>>retailers must end the plastic bag horror says Dan Brousson, founder of Onya Bags

With the Scottish parliament delaying its vote on a plastic bag tax for Scotland, is it now time for all intelligent retailers to take the lead and progress?
We are all aware of the problems of plastic bags in the UK - their environmental impact and needless drain on resources. The amount of petrol used to make one plastic bag would drive a car 115 metres.
Packaging Today estimates UK consumption of plastic checkout bags at 17.5 billion per year, enough in energy terms to drive a car 2.1 billion miles. Only one bag in every 200 is recycled; the other 199 can take up to 1,000 years to degrade. It is also known that plastic, as a whole, is responsible for the deaths of one million sea birds and 100,000 mammals each year.
Why should we be at the back of the queue for progressive retailing? Plastic bags already have bans, taxes, government levies and voluntary codes of practice in Australia, South Africa, Taiwan, India, Ireland, Denmark, Italy, China, Bangladesh, China, Singapore, Hong Kong and Japan, with France also aiming to ban them by 2010.
The impact of plastic bags will not stop until retailers stop giving them away. And retailers should realise that consumers always want to be seen in the place that is a style leader. The environment is certainly on any discerning shopper’s lips as we have seen a massive explosion in environmental and social awareness.
The reality for consumers living in countries with plastic bag bans is simply: no big deal. There are times when society learns that it needs to change its behaviour for the better - take animal testing or the fur trade. All the flourishing companies in the world today base their decision-making on market research to guide them to success.
So why is so little attention being paid to the knowledge already acquired?
A B&Q survey asked more than
12,000 people across the UK for their views on, and use of, plastic bags.
The answers showed: 47% of those asked had more than 20 bags at home; 40% felt guilty at not reusing more; 73% were annoyed at neighbourhood litter caused by plastic bags; and 46% took home up to 10 bags with their shopping each week.
I may be biased but I believe consumers respect not being given plastic bags. Short-sighted retailers may fear they are going to provide bad customer service if they do not provide plastic bags. But progressive retailers, on the other hand, are aware that should they provide alternatives and discourage plastic bags, consumers will walk away feeling that they shop at an organisation that cares.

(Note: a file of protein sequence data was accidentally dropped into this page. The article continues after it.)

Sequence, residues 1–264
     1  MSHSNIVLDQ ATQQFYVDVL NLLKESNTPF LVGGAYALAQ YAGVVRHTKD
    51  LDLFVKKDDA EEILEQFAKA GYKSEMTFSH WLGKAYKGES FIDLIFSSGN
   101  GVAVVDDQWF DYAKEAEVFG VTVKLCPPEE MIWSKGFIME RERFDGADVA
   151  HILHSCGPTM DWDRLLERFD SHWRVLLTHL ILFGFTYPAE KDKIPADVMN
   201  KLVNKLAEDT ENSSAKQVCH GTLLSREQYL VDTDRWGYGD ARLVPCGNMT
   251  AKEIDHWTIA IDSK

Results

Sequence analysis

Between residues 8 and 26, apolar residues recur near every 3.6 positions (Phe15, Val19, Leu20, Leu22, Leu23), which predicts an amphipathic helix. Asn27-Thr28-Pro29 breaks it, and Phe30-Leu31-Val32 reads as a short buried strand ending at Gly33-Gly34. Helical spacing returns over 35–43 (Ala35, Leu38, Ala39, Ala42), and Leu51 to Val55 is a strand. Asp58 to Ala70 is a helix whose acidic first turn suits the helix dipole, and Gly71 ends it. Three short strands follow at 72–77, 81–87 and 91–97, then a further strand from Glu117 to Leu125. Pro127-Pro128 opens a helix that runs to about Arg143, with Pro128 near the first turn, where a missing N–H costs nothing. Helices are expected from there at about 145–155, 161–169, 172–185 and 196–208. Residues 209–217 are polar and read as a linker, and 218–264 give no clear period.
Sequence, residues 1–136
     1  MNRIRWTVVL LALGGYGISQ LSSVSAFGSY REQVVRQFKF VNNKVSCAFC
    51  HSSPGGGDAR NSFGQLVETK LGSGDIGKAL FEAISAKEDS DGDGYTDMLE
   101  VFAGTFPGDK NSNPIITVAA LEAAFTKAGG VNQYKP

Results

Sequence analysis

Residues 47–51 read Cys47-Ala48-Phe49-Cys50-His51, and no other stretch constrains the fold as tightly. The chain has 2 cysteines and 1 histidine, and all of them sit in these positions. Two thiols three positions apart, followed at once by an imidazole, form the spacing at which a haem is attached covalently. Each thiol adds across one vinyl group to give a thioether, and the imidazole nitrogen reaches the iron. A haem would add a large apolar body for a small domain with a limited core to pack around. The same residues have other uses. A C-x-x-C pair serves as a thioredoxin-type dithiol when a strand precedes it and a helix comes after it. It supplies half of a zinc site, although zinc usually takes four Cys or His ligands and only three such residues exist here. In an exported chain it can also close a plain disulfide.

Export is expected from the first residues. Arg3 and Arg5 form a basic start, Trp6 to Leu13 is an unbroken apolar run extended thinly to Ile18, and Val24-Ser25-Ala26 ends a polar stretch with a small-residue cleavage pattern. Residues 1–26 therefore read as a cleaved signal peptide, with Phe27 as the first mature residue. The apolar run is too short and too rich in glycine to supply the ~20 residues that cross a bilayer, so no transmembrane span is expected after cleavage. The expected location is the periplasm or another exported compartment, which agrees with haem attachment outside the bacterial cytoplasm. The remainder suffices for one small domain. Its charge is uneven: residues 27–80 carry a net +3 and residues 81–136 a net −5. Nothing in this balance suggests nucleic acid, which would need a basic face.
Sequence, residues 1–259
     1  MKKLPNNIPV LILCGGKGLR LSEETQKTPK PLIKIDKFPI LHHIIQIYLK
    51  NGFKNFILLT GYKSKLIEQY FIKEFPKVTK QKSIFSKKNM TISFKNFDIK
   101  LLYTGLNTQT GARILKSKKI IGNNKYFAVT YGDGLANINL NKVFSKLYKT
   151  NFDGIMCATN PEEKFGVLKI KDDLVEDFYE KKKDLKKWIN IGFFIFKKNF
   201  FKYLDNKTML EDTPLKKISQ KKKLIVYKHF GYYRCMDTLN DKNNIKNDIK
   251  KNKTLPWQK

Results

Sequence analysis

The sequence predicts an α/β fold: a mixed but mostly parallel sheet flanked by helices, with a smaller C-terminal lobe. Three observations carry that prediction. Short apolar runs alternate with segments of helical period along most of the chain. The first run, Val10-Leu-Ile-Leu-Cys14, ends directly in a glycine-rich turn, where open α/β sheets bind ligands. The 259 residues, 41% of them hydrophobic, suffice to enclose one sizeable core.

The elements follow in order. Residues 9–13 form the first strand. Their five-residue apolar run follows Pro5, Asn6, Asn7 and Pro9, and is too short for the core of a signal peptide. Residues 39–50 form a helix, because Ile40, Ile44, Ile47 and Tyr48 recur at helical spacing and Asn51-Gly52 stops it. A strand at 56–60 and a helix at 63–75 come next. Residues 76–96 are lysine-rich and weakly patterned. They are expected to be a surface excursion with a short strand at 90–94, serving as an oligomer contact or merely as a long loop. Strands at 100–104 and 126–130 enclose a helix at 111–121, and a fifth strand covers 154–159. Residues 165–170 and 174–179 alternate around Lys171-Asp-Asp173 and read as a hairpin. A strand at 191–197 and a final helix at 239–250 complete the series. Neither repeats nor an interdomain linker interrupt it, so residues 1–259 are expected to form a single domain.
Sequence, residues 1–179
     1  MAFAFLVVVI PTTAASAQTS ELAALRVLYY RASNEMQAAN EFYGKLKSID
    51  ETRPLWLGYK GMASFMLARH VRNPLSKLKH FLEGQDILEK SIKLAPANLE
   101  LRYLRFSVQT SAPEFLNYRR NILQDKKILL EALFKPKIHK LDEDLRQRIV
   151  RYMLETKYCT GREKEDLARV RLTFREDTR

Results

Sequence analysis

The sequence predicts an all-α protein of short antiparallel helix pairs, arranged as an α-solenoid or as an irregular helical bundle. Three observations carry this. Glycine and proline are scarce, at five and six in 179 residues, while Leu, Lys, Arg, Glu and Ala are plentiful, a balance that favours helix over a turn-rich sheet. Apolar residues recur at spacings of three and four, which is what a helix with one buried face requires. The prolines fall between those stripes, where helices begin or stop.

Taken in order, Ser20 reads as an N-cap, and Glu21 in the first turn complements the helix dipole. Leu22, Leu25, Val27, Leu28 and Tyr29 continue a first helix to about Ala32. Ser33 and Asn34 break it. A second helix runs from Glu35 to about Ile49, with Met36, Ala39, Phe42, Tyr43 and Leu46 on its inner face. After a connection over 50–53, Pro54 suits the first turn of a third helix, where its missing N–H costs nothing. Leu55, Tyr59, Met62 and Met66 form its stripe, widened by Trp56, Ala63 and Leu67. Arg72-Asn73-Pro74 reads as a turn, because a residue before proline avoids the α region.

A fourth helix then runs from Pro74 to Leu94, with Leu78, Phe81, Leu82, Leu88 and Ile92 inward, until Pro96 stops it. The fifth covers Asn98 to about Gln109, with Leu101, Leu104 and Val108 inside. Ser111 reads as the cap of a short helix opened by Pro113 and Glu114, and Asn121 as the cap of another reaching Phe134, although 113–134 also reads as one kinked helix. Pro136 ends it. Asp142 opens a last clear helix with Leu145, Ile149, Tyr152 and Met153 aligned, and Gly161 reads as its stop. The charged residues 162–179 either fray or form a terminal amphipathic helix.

I have yet to hear complaints from Lidl’s or Netto’s customers who aren’t given them, or about B&Q’s 5p charge that goes directly to Keep Scotland Beautiful.
The minister for local environment quality, Ben Bradshaw, said: “While recycling is on the up across the whole of the UK, the amount of waste still being produced is staggering. Businesses have a vital part to play in ensuring we have a safe, clean environment of which we can be proud.”
In Switzerland you can even discard up to 90% of your packaging while still in the shop, as it is recycled straight away. In Woolworths’ supermarkets in Australia, when you are in the express lane and buy three or fewer items, you are not automatically offered a plastic bag - a simple example of how retailers can seriously cut usage. What initiatives do British organisations use to cut plastic bag consumption?
BBC’s Countryfile programme recently had the right idea in an item on plastic bags and their effect on our countryside. Re-use is the key. Granny had the right idea with her wheeled shopper basket, as do retailers who offer Bags For Life.
Where are all the progressive retailers who are looking for substitutes that have wider appeal, and are fun, exciting, good looking and convenient alternatives, in an attempt to end the horrors that they bring?